CARE FOR PEOPLE IN DIASPORA UP TO A LATENT CONFLICT WITH THE DOMICILE NATION – UPDATING THE PAST TO THE PRESENT OF BOSNIA AND HERZEGOVINA
Authors: IVAN BALTA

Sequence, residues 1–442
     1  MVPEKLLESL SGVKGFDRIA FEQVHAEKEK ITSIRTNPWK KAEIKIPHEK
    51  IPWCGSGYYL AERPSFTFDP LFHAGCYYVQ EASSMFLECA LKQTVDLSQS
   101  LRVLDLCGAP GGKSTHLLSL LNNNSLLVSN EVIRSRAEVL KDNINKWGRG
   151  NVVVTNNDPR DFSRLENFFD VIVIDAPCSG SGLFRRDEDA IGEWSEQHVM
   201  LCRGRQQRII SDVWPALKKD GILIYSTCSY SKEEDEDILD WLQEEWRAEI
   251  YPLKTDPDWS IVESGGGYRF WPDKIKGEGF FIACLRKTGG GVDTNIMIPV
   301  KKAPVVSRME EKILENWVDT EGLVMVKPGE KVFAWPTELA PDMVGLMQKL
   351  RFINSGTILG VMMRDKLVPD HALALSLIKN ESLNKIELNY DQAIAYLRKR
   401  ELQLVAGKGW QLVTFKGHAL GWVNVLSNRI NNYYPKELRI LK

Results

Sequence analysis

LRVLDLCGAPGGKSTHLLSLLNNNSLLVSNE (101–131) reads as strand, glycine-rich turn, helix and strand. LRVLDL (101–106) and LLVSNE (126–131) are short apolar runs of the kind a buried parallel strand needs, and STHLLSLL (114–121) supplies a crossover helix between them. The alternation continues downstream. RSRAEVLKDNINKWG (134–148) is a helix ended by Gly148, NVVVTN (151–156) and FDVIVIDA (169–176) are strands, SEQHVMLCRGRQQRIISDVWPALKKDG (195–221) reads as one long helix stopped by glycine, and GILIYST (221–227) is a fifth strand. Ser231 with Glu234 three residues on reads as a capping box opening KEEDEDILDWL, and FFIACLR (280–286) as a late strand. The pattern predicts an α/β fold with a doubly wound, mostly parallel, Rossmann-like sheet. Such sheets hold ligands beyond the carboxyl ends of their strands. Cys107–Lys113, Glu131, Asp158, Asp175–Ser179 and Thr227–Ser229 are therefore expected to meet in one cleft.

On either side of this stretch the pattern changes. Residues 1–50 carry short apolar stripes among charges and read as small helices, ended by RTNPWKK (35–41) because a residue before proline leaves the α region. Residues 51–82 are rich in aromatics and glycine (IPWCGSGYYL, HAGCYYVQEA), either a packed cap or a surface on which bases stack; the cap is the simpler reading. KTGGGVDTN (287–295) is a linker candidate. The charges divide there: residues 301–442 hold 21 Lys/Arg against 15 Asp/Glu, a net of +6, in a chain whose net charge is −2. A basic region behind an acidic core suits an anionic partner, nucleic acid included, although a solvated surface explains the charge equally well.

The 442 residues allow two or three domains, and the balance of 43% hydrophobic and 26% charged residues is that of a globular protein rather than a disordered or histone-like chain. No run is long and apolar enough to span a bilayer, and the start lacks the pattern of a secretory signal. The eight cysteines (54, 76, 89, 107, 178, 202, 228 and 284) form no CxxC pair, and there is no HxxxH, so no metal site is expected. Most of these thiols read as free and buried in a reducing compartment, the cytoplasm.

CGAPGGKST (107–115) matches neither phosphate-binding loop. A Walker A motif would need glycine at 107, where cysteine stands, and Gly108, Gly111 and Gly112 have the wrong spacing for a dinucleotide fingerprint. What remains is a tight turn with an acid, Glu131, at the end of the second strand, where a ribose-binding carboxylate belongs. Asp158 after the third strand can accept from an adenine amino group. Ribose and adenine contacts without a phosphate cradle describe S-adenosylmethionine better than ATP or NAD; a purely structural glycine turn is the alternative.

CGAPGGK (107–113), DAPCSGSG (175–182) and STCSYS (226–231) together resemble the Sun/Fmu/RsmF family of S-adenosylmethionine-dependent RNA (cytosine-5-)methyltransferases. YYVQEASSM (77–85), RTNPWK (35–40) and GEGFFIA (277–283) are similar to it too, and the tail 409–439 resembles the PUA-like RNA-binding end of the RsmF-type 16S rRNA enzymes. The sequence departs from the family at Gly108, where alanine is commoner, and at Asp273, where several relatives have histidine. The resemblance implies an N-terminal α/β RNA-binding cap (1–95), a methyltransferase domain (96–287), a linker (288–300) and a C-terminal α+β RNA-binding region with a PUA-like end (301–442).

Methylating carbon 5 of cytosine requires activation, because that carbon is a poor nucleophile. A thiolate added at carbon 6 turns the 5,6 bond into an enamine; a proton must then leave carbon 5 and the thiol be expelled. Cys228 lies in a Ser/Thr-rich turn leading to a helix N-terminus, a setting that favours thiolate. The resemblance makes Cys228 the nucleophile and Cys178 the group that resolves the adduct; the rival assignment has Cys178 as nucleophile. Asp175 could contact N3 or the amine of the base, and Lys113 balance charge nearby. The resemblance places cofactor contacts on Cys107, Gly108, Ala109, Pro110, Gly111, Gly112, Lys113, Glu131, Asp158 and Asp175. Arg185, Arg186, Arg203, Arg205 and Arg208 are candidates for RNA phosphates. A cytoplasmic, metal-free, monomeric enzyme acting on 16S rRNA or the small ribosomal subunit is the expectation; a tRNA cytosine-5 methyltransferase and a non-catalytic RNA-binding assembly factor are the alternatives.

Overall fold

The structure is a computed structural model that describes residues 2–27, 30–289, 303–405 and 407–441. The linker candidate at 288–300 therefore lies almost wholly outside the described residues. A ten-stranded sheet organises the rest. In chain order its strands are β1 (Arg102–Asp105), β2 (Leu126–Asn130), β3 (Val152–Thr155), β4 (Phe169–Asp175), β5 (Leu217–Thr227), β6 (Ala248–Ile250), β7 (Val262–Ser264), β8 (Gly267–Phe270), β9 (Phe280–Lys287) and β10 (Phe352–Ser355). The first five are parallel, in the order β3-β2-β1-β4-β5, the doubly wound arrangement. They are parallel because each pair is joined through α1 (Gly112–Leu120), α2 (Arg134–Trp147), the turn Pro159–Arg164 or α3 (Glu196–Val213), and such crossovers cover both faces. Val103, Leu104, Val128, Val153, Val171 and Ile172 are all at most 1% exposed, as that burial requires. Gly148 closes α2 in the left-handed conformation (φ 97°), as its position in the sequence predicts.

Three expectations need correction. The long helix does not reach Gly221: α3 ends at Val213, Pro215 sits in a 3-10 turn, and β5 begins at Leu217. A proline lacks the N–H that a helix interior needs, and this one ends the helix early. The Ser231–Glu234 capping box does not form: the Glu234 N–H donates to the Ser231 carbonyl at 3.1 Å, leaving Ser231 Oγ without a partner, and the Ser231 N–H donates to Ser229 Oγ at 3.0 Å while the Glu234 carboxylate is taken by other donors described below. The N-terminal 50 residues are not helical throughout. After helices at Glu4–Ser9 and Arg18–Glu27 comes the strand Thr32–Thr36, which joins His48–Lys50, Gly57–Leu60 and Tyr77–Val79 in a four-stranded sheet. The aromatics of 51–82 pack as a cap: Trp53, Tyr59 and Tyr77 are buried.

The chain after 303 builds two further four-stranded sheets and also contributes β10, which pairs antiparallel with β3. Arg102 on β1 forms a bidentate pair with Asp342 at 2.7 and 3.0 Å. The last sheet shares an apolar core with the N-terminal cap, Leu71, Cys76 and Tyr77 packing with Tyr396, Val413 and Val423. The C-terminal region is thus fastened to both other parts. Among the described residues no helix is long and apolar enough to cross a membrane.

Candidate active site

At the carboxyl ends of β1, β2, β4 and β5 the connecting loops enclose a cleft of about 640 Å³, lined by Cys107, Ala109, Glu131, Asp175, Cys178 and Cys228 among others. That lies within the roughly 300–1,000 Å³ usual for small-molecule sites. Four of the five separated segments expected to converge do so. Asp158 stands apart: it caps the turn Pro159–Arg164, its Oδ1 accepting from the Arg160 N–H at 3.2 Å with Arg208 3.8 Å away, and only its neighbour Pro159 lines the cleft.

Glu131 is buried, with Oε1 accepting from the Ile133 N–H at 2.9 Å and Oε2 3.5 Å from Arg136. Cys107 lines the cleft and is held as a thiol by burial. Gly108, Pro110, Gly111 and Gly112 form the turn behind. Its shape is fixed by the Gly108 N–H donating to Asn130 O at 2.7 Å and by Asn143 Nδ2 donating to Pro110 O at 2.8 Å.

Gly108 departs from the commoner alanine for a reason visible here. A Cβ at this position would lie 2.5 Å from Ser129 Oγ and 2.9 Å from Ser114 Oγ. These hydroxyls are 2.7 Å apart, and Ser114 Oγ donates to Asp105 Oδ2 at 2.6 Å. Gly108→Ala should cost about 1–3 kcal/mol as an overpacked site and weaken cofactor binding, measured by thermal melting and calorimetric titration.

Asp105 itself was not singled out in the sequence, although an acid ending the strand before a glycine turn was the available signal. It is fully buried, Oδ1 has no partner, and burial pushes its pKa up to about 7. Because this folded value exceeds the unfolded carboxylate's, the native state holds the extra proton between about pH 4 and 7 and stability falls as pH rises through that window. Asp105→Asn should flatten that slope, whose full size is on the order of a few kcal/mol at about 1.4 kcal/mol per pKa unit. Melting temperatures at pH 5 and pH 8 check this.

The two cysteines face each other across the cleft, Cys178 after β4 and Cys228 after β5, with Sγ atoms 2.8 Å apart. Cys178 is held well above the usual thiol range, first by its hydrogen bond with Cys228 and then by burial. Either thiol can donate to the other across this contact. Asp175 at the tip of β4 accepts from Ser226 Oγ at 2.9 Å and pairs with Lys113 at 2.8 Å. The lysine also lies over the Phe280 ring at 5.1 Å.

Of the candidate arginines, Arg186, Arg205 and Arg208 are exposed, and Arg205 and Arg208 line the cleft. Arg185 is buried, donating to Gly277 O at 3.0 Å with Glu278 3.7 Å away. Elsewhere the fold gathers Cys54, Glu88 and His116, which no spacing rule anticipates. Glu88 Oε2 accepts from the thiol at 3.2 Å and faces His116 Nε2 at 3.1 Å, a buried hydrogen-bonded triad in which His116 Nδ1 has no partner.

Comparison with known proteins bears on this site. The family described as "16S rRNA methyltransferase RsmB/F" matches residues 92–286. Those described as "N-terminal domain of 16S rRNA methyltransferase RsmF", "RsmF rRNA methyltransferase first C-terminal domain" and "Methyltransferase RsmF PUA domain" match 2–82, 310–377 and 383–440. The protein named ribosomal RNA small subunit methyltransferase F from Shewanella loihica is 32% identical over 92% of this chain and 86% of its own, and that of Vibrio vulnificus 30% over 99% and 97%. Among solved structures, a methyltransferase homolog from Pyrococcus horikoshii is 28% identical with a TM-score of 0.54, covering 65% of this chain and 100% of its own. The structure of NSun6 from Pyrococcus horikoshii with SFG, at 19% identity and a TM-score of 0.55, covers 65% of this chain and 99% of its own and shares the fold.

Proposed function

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The beginning of the 19th and the 20th century marked the period of nations’ constitution in southeastern Europe and greater care for nations’ oases living out of their parent nations. Sometimes that care turned into intended or unintended hegemony over other nations. This phenomenon is actual even today in various nations, especially in the Balkans, so it is interesting how "the care of the people out of their home country" (nowadays people would say "diaspora"), implemented various "actions" that were sometimes politically conducted from the Austro-Hungarian centres of power to the territory of Bosnia and Herzegovina, Croatia and Slavonia, especially in the case of the Hungarian government's pro-government project "Julian Action".So-called Julian Action was not unique at that time, neither it was the only, nor the first or special, but it can be somewhat comparable to the same work methodology in the same regions, for example, with the similar German project Schulvereine, the Italian action by Dante Alighieri, and even to not so significant Slavic action of the Cyril and Methodius societies, as well as to some other less-known "actions" that operated abroad, i.e. mainly outside the home countries, on the territory of Austria-Hungary. The opposite views were mostly manifested in the interpretation of justification, e. g. of Julian Action (which got the prosaic name). For instance, the Hungarian side (similar to German, Italian ... through their associations), justified the action of the association "Julian" by the care of its own people outside the borders of the home state (in order to preserve identity, culture and language). On the contrary, the Croatian (and also Bosnian-Herzegovinian,…) side in the activity of the "Julian" organization recognized a sort of political alienation and Hungarization (or Germanization, Italianization, ...) of the majority of domicile population. The Hungarian Julian campaign was conducted on the basis of: A) Statute of the Julian Society, (voted in 1903), and B) Hungarian, Bosnian-Herzegovinian and Croatian-Slavonic-Dalmatian laws. For example, the Hungarian Julian Schools in Bosnia and Herzegovina, Croatia and Slavonia could be founded, organized and act not only on the basis of the applicable Hungarian laws, but also on the basis of the school laws of Bosnia and Herzegovina, Croatia, Slavonia and Dalmatia, which allowed and even encouraged the organization of public and private schools, rural and wilderness schools (e. g. through Hungarian Julian schools), factory schools (e. g. Hungarian state railway schools), confessional schools (e. g. Hungarian reformatory schools), which opened a wide area of the Hungarian Julian Action operation from 1904 in Croatia and Slavonia, and from the 1908 occupation in Bosnia and Herzegovina. A vast majority of pupils were of non-German nationality, and they were enrolled there because of better conditions, employment opportunities in enterprises, state and public services, as well as because of future education. Hungarian schools and Hungarian railways, as well as Hungarian churches and societies in Croatia and Slavonia, existed in the second half of the 19th century. They had the purpose of implementing the so-called Hungarian State Thought (Magyar Állami eszme), which had been politically instrumentalized. Since 1904 until the end of the First World War they put the so-called Julian action into their systems and programmes. Almost identical relationship had existed in Bosnia and Herzegovina since 1908. There were constant conflicts between the state of Hungary and Julian campaign with the majority of Slavic population outside of Hungary, for example, in Bosnia and Herzegovina. When the Julian campaign was politically instrumentalized because of “taking care of its people in diaspora", and in some parts crossed the boundaries of "preserving" them, it began with "unintentional" assimilation through schools, railways and cultural societies. So it necessarily had to come into conflict with other nations. From the Hungarian point of view, the so-called "Bosnian Action" and "Slavonic Action" of the Hungarian Government were directed towards the care of Hungarians in the so-called "affiliated" and annexed province, as well as to strengthening and expansion of Hungarian influence in the countries where the majority of population were Muslims-Bosnians, Serbs and Croats. The same action ranged from the accusation of "Hungarianization” to the theory of the Hungarians threatened by assimilation; however, the action did not achieve a long-term goal and did not prove permanent because, after the end of the First World War, a small group of Hungarians in the newly established countries did not have any legal guarantees, and new authorities did not ensure its survival.